There is also a modified end panel 134 carried by opposite ends of the bottom panel 122. Each of the end panels 134 is provided with a lock notch 96 as described above. Beyond the lock notches 96, the end panel 134 is of a constant width and terminates in a locking flap 170.
The resultant box 178 of FIG. 13 is erected in the same manner as described with respect to the box 78, but the corners thereof are defined by the corner panels 150 as is clearly shown in FIGS. 13 and 14.
Referring now to the embodiment of FIGS. 15-19, another blank and procedure box is illustrated, the blank also being formed of corrugated board which may include a wet strength liner and medium, as well as special water repellent inside coatings. Each of a plurality of panels is hingedly connected along fold or hinge lines perpendicular to the longitudinal axis L of the blank. All hinge lines are denoted by dashed lines. A first half side wall forming panel 220 is hingedly connected to box end panel 222, the latter including a hand receiving aperture 224 and a pair of spaced locking tab receiving apertures 226 generally triangular in outline. The upper edge (referring to the blank orientation shown at FIG. 15) of end panel 222 includes a central relief or recess 228. The numeral 230 denotes a full side wall forming panel hingedly connected to end panel 222 transversely of longitudinal axis L and also hingedly connected to a second box end panel 232. End panel 232 is of a configuration identical to that of end panel 222. The last panel or right most of the series of panels articulated along longitudinal axis L is denoted by the numeral 234 and is also a half side wall forming panel.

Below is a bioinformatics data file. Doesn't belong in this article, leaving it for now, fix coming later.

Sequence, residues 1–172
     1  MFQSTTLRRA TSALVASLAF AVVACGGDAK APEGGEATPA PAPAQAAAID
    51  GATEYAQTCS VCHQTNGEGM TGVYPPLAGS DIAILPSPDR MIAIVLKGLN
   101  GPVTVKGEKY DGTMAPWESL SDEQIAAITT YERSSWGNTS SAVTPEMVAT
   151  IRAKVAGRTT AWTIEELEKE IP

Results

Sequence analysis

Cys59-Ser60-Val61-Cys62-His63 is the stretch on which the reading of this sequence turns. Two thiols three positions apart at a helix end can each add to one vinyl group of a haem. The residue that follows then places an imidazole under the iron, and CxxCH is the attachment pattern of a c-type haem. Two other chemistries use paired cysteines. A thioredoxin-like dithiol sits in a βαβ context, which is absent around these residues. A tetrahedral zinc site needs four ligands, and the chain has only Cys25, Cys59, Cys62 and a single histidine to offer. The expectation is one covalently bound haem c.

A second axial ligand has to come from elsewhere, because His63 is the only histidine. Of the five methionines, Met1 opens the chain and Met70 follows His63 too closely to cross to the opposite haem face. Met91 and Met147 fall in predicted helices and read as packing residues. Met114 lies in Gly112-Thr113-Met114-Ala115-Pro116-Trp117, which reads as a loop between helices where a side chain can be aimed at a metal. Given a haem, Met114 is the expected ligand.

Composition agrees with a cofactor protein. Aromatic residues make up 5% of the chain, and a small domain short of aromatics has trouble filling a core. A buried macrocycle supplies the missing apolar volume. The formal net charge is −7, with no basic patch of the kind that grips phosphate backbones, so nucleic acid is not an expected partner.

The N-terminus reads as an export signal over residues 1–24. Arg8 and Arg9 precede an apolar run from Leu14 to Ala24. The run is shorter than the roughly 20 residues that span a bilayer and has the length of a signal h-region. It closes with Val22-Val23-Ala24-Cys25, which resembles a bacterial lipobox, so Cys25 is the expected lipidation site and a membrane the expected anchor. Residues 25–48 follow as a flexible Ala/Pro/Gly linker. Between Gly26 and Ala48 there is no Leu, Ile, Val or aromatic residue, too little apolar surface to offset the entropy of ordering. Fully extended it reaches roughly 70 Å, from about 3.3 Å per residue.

The numerals 202, 204, 208, 212 and 216 denote bottom forming panels hinged along an axis parallel to longitudinal axis L, being hinged to the bottoms of, respectively, panels 220, 222, 230, 232 and 234. Bottom forming panel 204 carries a notched away portion 206, with the central bottom forming panel 208 carrying a pair of notched away portions denoted each by the numeral 210, while bottom forming panel 212 is provided with a notched or cut away portion 214. These bottom forming panels form, in the erected box, a snap lock bottom, such a bottom itself being known in this art.
The numeral 240 denotes a half top or upper closure panel hingedly connected to the upper portion of panel 220, with the right hand portion (viewed at FIG. 15) of panel 240 carrying hinged locking panel 246 so configured as to include a locking ear 248. A hinge line 244 extends at a slight angle from the upper corner of the locking panel down to its lower edge. Full upper or top closure panel 254 carries on its left edge a locking panel 250, this panel also including a locking ear 248 and a hinge line 244. Locking panels 246 and 250 are mirror configurations of each other. The solid lines below locking panels 246 and 250 denote cut lines extending completely through the blank. Thus, locking panels 246 and 250 are free to swing away from the top edge of end panel 222. Another pair of locking panels 256 and 258 is positioned above the other end panel 232. Locking panels 256 and 258 are identical in form and structure to locking panels 256 and 250 and are hingedly connected, respectively, to full top closure panel 254 and half top closure panel 260, the hinge connections being along axes orthogonal to axis L.